Once again, an online marketplace wants sellers to do the work to drive traffic to its site. While it can be a win-win, there’s an added challenge for Etsy sellers: they may end up paying extra fees for their off-Etsy marketing efforts.
In a post on Thursday, Etsy advised sellers to take advantage of its social media assets to “shine a light on your unique shop identity and help you reach new audiences with your work.”
It pointed to a thread on its discussion boards where sellers talked about leveraging social media platforms like Instagram, Pinterest, Twitter and Facebook. Sellers shared advice, like one who said it was a mistake to use social media only for promotion. The seller suggested sharing personal things as well – “Being a human is much more likely to bring in followers and then customers than just continually posting links and promotion.”
Others shared the challenges of using social media to promote their items, including the amount of time it takes.
Other sellers said the most important thing for sellers to do is to sell things that people want to buy! Another suggested participating with helpful and quality posts in online discussion forums.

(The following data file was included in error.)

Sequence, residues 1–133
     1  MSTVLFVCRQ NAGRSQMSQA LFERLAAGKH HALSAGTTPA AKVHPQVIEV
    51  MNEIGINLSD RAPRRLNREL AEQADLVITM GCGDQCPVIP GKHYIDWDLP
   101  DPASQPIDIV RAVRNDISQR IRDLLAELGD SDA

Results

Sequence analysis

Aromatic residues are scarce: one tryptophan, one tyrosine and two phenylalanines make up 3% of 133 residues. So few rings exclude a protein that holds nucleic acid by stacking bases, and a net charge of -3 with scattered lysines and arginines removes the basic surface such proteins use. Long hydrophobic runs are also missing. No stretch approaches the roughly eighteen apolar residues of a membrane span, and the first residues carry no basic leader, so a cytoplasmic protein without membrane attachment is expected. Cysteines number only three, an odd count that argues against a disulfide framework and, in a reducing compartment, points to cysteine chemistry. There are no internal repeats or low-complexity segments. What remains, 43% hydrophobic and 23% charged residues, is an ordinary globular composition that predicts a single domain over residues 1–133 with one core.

Another old-school approach: a seller said they print business cards and place them in local stores where their target market shop – “I also put them everywhere, in diners and grocery bulletin boards, anywhere.”
It was clear from the discussin that sellers work hard to drive traffic to their Etsy listings and are trying to use social media platforms as one way to do so.
Having an army of sellers dropping links to Etsy benefits the marketplace tremendously, and it should be synergistic for everyone.
But as we’ve previously reported, a shopper who clicks on a seller’s post on social media to go to the seller’s Etsy listing may later see an Etsy retargeting Offsite Ad, resulting in an extra 12% – 15% commission fee for the seller if the shopper buys an item. As Etsy explains:
“If a buyer clicks through an Offsite Ad promoting one of your listings and then purchases from your shop within 30 days, that order(s) will be attributed to the ad.”
If Etsy feels it can charge an extra fee for making the sale, one might ask why it doesn’t give a break in fees to sellers when they are responsible for making the sale?
“Etsy sellers are eligible for the Affiliates Program but are not eligible to earn commission on sales from their own shops or from closely-related shops without the prior express written approval of Etsy.”
Feel free to leave your comments about social-media marketing in the comments below.